In the Orange Standard of February 1915 there was a letter from Brother J A Britten. Although this letter was written with the intention of thanking the Grand Secretary for sending a large amount of Christian literature for distribution among the ship’s crew, there was also the encouraging news that the members of LOL 827 had resolved to carry on the Lodge. The Warrant shall go with us.H.M.S. "Indefatigable," Mediterranean. 17/12/14. DEAR BRO. EWART, I must say how very pleased I was to receive your very welcome letter and its cheering contents, for which I must thank you so very much, and I am sure that it will be a great help to everyone who are fortunate to possess them (Testaments and Gospels). You must really excuse me for not answering yours before, but you must know that our time is not our own these dark days. I saw our Chaplain regarding the Gospels and Testaments, and he was very pleased with them. I had a real good chat with him, and he said that he does not see any objection at all, and that you should send them to the captain. The more I talk of or think of our Institution the more I seem to want to talk and I trust that our Father will lead me so that I shall have the honour to gather in recruits, not only to our great Order, L.O.L., but to see
that light that never fades. Dear Bro., the Brothers very much regret to hear of the death of our I.G.M. the Earl of Erne, and trust that he will meet with the reward he deserves, for the work he has done on this earth. Dear Bro., I held a meeting of the Brothers of this ship last Tuesday, the 15th, re the disposal of our Warrant 827, Carnarvon, and it was decided to retain it, for if the ship goes down it goes with us. But as we all trust that she will not, and that every one of the ship's company will, by the help of our Father, return to their homes again in times of peace, the Brothers will be able to look up to the Warrant and say from their hearts, "That by the help of our Father it has travelled and kept safe through one of the most horrible of wars which has ever struck this unhappy world.” Also it was decided that new officers be appointed, and I am glad to say I have had the honour of being elected Master of 827. D.M., Bro. Lanyon; Secretary and Treasurer, Bro. Moorcroft; Chaplain Bro. Close; Tyler, Bro. Robertson. Dear Bro., this was done so as to keep the Lodge going, because you see the ships have all separated. We started with Defence, Inflexible, Indomitable, Dublin, Chatham, Gloucester, Duke of Edinburgh, Black Prince, Blenheim, and 16 destroyers. We are now all in different places, doing our different duties for our King and Country, and perhaps it will be months before we shall be able to shake each other by the hand again. The Brothers all join me in wishing both your wife and yourself the compliments of the season. Trusting that God will spare you many, many years to carry on the grand work you are doing, I will now close with my sincere regards and good wishes, Yours faithfully and fraternally, JNO. A. BRITTEN, C.P.O. Telegraphist.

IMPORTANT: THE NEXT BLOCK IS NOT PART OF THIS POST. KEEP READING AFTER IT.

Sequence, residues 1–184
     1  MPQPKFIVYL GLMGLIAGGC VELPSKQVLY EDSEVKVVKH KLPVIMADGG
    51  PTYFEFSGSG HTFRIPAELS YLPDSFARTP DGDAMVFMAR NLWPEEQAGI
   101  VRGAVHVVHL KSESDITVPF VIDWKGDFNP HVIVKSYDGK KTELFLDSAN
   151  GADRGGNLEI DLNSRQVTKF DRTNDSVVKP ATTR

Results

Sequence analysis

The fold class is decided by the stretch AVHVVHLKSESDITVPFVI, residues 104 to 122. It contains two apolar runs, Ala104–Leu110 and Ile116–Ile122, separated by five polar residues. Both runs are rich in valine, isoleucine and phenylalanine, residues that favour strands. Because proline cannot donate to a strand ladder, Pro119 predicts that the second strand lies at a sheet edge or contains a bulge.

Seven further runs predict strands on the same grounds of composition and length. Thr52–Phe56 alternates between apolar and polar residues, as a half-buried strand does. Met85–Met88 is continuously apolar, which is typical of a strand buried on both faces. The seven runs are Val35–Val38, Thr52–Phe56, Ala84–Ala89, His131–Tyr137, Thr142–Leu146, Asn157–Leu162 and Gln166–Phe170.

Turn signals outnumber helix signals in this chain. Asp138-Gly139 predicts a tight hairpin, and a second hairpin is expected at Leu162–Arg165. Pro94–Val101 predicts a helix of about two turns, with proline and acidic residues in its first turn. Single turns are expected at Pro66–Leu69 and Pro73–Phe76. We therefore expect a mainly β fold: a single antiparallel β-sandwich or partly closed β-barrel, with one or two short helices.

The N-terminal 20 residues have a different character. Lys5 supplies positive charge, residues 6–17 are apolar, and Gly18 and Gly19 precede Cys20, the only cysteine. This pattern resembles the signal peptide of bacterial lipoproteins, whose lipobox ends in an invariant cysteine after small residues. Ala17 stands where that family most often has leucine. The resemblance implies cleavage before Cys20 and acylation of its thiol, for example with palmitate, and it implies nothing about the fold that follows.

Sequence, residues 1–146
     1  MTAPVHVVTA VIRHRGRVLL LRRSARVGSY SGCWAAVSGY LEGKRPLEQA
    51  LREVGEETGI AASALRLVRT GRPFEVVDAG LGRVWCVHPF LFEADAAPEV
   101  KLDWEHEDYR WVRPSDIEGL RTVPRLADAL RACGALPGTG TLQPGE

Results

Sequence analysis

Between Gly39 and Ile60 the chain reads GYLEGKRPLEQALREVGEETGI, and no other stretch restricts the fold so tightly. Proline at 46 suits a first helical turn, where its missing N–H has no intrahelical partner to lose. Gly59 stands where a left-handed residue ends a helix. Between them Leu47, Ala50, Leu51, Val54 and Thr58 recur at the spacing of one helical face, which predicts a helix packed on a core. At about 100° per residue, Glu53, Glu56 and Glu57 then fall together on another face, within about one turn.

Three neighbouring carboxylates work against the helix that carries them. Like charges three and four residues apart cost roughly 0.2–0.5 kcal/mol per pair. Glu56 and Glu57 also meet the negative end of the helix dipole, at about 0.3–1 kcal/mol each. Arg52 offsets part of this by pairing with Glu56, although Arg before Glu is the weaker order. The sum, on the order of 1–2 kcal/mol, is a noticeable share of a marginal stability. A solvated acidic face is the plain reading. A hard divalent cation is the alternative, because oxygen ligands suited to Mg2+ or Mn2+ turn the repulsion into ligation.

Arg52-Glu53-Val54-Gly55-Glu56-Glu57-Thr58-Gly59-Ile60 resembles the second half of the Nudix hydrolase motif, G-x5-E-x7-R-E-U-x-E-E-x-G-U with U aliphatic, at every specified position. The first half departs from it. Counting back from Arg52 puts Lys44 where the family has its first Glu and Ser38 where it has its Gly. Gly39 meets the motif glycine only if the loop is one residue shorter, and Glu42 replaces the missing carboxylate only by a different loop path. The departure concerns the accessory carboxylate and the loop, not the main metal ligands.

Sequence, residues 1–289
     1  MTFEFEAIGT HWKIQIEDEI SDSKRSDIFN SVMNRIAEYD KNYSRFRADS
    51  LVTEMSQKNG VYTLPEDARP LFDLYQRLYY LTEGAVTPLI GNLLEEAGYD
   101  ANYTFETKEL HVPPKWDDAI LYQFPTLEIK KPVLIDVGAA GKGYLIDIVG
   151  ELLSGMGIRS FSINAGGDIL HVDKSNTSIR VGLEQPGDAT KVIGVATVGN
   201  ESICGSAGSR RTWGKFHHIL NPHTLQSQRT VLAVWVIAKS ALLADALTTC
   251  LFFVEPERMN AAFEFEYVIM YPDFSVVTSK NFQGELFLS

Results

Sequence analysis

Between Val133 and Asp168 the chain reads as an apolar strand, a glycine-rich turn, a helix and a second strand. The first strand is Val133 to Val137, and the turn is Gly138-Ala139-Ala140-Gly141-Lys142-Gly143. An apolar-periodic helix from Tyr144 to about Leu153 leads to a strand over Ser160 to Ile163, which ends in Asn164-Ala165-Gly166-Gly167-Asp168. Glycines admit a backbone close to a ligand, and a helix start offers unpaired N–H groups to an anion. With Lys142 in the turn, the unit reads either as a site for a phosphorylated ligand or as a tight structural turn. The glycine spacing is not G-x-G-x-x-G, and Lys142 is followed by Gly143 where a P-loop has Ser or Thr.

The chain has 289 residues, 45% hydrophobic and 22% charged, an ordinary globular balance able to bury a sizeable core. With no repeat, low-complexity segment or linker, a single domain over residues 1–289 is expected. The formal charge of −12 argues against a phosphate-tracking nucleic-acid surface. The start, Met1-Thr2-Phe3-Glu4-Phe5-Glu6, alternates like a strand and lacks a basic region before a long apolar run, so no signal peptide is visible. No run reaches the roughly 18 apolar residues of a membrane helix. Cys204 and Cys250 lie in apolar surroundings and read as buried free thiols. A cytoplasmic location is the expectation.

In the Grand Lodge Directory of 1915, Ulster Purple Heroes LOL 842 was shown as being “With the Fleet”, Ulster Scot LOL 287 was shown as being “On War Service with the Fleet”, and Carnarvon LOL 827 is also shown as being “On War Service with the Fleet”. Brother F J Willmer is still Worshipful Master of 842 with Brother A H Cosway as Secretary; 827 has Brother J A Britten as Worshipful Master with Brother Moorhouse as Secretary; and 287 has Brothers Charles Alexander and John C Matthews as Worshipful Master and Secretary respectively.
The 1915 Grand Lodge Report has a “Roll of Honour” showing the names of 1,411 Orangemen, (and one Sister) who were already enrolled in the services by the time the Report was compiled. It is by no means exhaustive, as many lodges did not supply any information about their members in Service. Of the 1,411, 424 are shown as being in the Royal Navy and a further 17 in the Royal Marine Light Infantry. LOL 287 is shown as having 91 members in the Royal Navy, but Sons of William LOL 652, meeting in Gillingham, has 107 members in the Navy. 88 named ships are shown as having Orangemen in the crew. Under these circumstances Orange Lodges in the Royal Navy, far from being on the point of closing, were on the point of dramatic expansion